Comparison of symmetric hemodialysis catheters using computational fluid dynamics

Timothy W I Clark, Giuseppe Isu, Diego Gallo, Pascal Verdonck, Umberto Morbiducci
Journal of Vascular and Interventional Radiology: JVIR 2015, 26 (2): 252-9.e2

PURPOSE: Symmetric-tip dialysis catheters have become alternative devices because of low access recirculation and ease of tip positioning. Flow characteristics of three symmetric catheters were compared based on computational fluid dynamics (CFD) as they relate to catheter function.

MATERIALS AND METHODS: In Palindrome, GlidePath, and VectorFlow catheters, a computational fluid dynamics-based approach was used to assess (i) regions of flow separation, which are prone to thrombus development; (ii) shear-induced platelet activation potency; (iii) recirculation; and (iv) venous outflow deflection. A steady-state, laminar flow model simulated catheter tip position within the superior vena cava. Catheter performance was investigated at high hemodialysis flow rate (400 mL/min). Blood was assumed as a Newtonian fluid.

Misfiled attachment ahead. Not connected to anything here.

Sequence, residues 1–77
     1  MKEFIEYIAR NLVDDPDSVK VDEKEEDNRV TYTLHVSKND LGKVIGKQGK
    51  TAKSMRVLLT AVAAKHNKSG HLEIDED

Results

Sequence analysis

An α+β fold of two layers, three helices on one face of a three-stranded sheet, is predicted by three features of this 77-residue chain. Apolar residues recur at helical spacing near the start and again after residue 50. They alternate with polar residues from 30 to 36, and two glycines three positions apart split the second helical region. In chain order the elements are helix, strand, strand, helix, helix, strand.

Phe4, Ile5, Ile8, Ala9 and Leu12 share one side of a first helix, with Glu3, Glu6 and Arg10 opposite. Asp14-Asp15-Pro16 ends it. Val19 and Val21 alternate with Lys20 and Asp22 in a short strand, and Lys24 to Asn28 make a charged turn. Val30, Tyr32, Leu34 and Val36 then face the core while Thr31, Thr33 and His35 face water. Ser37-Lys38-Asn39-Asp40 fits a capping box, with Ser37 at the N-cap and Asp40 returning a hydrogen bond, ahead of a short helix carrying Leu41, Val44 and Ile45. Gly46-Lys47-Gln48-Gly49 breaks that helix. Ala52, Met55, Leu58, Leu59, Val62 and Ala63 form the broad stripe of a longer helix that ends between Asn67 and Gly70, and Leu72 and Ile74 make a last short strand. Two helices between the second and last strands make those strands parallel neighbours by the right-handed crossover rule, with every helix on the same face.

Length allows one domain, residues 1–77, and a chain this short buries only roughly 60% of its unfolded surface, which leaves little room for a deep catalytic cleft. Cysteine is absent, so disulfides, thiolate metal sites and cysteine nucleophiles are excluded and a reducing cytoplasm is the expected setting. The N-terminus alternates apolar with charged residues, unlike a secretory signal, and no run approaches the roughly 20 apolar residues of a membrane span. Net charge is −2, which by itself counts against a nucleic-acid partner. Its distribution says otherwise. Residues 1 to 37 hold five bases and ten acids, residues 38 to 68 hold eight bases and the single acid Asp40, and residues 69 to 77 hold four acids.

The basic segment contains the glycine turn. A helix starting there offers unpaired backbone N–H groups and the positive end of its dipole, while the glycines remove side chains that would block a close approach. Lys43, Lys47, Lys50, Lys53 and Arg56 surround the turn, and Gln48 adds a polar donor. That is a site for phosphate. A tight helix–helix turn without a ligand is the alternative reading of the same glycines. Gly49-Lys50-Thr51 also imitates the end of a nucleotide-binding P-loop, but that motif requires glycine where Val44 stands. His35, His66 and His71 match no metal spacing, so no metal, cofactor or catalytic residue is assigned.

RESULTS: Wide regions of flow separation downstream of the Palindrome side slot and close to the distal tip were observed in forward and reversed line configurations. Geometric asymmetry of the distal guide wire aperture of the GlidePath catheter produced the highest levels of inverted velocity flow when run in reversed configuration. The lowest mean shear-induced platelet activation was exhibited by GlidePath and VectorFlow catheters; the Palindrome catheter exhibited 152% higher overall platelet activation potency. All catheters were associated with a recirculation close to zero; the helically contoured lumens of the VectorFlow catheter produced the greatest amount of deflection of venous flow away from the arterial lumen.

CONCLUSIONS: The VectorFlow catheter produced less shear-induced platelet activation than the Palindrome catheter and less flow separation than the Palindrome and GlidePath catheters irrespective of line configuration. These findings have potential implications for differences in thrombogenic risk during clinical performance of these catheters.

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